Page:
Graveyard's Joakim Nilsson and Jonatan Ramm Talk New Album, 'Peace'

Graveyard’s Joakim Nilsson (left) and Jonatan Ramm

Graveyard’s Joakim Nilsson (left) and Jonatan Ramm (Image credit: Bjorn Petterson)

As far as album titles go, Peace—the latest full-length from Graveyard—is about as calming as they come. But back in the fall of 2016, the Swedish rock group’s future was looking unsettlingly grim. Following a decade-long run, the act announced over Facebook that they had flatlined, deciding to break up after “struggling ’n’ juggling with personal issues.” The mourning period was brief, though, because here we are a year-and-a-half and a lineup change later, and Graveyard are blasting the doors off their mausoleum with Peace’s cheekily titled opener, “It Ain’t Over Yet.”

“We’re back and it feels really good. To be honest, I missed it quite a bit when we didn’t know what was going to happen,” guitarist Jonatan Ramm reports of returning from rock and roll purgatory alongside guitarist/vocalist Joakim Nilsson, bassist Truls Mörck and new drummer Oskar Bergenheim.

After getting a new lease on life, Graveyard hit the studio to track most of Peace live-off-the-floor with producer Chips Kiesbye (Hellacopters, Millencolin), with the sessions yielding anything from Blue Cheer-channeling power blues (“Cold Love”) to cayenne-spiced chooglin’ (“Low (I Wouldn’t Mind)”) to brawny, boot-to-the-brain stoner waltzes (“Please Don’t”). And though he flexes ghoulish and gloomy scale work on the record’s “Del Manic,” Ramm reveals that Graveyard’s latest was a joy to unearth.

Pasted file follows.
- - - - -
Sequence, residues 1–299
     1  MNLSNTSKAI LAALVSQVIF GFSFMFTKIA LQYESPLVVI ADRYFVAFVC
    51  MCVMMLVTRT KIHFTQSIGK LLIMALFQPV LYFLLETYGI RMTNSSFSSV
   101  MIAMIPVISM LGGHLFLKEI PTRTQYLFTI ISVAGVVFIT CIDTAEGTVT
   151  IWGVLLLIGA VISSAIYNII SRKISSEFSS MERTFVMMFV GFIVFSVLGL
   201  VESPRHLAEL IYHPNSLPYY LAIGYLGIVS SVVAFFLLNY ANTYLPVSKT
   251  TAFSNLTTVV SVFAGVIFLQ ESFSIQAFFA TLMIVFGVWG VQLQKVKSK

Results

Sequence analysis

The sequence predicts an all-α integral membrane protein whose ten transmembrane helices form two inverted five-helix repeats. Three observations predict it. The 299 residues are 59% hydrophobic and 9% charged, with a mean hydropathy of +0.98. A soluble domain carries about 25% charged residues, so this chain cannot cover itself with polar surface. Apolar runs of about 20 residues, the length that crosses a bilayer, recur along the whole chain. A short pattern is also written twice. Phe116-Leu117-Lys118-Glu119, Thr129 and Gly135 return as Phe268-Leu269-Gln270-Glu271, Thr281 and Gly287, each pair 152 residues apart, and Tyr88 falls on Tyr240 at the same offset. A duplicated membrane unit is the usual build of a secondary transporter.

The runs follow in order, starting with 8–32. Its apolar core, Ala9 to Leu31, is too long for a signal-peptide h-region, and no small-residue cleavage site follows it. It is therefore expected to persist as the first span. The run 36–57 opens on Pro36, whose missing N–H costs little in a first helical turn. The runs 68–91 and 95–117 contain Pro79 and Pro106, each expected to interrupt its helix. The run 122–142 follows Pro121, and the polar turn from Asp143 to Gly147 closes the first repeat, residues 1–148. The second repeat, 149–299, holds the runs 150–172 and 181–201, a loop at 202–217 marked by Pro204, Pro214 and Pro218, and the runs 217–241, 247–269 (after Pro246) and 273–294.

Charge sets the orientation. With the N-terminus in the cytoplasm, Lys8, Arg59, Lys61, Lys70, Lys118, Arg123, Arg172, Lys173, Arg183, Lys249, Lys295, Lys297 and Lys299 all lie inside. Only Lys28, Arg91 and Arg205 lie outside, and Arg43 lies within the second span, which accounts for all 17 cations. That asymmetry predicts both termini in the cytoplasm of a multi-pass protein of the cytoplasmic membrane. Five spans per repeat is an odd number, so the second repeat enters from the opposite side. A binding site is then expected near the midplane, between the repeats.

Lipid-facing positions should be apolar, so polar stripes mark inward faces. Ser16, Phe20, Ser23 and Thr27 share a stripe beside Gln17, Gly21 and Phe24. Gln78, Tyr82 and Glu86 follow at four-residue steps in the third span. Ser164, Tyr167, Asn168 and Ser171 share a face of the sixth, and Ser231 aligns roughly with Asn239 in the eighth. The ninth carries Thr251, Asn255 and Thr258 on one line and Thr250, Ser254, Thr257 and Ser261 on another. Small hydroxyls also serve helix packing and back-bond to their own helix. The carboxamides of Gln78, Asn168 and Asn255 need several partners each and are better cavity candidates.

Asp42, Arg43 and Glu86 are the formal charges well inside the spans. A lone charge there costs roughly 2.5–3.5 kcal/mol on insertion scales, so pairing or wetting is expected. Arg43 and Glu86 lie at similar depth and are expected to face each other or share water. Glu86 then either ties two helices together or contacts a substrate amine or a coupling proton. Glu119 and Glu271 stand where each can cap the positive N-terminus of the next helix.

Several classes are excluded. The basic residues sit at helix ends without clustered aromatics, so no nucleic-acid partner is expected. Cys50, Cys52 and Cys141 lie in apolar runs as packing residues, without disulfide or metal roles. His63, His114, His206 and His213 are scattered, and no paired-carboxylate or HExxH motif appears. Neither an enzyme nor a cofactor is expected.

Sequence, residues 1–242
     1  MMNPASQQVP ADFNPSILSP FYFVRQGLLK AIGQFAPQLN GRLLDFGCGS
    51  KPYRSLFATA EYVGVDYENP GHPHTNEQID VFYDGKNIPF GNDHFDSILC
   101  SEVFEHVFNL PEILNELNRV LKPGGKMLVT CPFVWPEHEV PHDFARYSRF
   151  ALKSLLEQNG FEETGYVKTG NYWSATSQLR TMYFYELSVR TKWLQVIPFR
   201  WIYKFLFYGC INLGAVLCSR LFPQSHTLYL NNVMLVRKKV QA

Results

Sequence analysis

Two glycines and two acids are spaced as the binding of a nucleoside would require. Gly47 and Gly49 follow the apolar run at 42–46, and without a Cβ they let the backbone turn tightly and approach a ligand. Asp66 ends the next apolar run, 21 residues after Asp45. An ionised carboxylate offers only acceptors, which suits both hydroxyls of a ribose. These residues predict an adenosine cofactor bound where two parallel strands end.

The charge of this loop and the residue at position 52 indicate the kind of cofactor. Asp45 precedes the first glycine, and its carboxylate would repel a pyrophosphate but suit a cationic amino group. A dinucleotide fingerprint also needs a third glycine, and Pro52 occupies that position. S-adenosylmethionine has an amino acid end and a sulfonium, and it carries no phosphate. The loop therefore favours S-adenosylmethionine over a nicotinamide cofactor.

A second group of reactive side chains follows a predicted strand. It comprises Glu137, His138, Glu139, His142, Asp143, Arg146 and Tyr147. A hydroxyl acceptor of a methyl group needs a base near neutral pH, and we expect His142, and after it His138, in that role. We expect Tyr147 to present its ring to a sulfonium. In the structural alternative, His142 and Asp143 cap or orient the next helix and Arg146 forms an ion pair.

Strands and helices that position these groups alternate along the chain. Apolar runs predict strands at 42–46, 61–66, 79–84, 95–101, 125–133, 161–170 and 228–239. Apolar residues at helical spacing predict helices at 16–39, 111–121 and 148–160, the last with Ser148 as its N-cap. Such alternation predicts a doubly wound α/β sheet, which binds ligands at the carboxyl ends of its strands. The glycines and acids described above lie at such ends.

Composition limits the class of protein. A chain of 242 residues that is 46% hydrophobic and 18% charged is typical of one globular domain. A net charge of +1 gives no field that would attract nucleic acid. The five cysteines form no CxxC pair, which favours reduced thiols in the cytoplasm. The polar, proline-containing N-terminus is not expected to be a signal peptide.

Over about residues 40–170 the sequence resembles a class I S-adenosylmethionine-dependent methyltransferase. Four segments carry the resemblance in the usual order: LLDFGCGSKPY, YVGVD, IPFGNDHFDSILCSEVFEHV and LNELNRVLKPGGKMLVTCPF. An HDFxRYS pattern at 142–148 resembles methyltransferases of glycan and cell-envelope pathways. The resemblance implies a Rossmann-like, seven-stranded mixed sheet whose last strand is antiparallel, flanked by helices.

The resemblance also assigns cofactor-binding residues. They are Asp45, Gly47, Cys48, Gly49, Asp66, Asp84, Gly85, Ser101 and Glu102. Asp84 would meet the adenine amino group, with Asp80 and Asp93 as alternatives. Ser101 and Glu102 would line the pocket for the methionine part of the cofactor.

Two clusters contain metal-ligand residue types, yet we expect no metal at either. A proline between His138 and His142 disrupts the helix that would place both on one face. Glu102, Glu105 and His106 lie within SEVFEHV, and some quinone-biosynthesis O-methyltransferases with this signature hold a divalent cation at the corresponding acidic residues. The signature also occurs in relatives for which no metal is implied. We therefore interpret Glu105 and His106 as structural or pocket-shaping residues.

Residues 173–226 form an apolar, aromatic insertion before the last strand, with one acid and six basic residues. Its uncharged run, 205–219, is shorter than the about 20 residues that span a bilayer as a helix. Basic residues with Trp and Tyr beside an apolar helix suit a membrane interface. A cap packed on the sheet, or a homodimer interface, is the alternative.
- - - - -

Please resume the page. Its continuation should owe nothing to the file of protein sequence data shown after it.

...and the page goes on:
“It felt like we all had a good time recording this album, and we didn’t feel as pressured. Most of the solos I’ve made are based on having fun, I guess,” he says of how the “nice vibe” of the sessions impacted his flavorful, vibrato-waggling leads, which favor feel over finesse. “I listen to a lot of blues. My favorite guitarists don’t play really fast, but they have a distinction in their way of hitting the notes. I think that’s something to work toward—It doesn’t have to be perfect, but it should be clear.”

What’s also obvious is that, after finding new focus via Peace, Graveyard have risen to haunt us with hooky hard rock for years to come.

• Guitars: (Ramm) 1971 Gibson SG Special, 2011 Gibson SG Special, 2013 Gibson Les Paul R8; (Nilsson) Gibson ES-330, Fender Jazzmaster
• Amps: (Ramm) Marshall Bluesbreaker Reissue, Marshall JTM45 Reissue (4x12); (Nilsson) 1974 Marshall Bluesbreaker
• Effects: (Ramm) Dunlop Jimi Hendrix Wah, Catalinbread Topanga Spring Reverb, FETTO LaRocca by Himmelstrutz Elektro Art; (Nilsson) Homebuilt Maestro FZ-1, EHX Big Muff, ProCo Rat and Ibanez Tube Screamer, Dunlop Cry Baby Mini Wah for bass. Delay (only one at a time): Himmelstrutz Gekko, Boss RE-20 or Strymon El Capistan dTape Echo. All distortions are made at home by Joakim.

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Gregory Adams

Gregory Adams is a Vancouver-based arts reporter. From metal legends to emerging pop icons to the best of the basement circuit, he’s interviewed musicians across countless genres for nearly two decades, most recently with Guitar World, Bass Player, Revolver, and more – as well as through his independent newsletter, Gut Feeling. This all still blows his mind. He’s a guitar player, generally bouncing hardcore riffs off his ’52 Tele reissue and a dinged-up SG.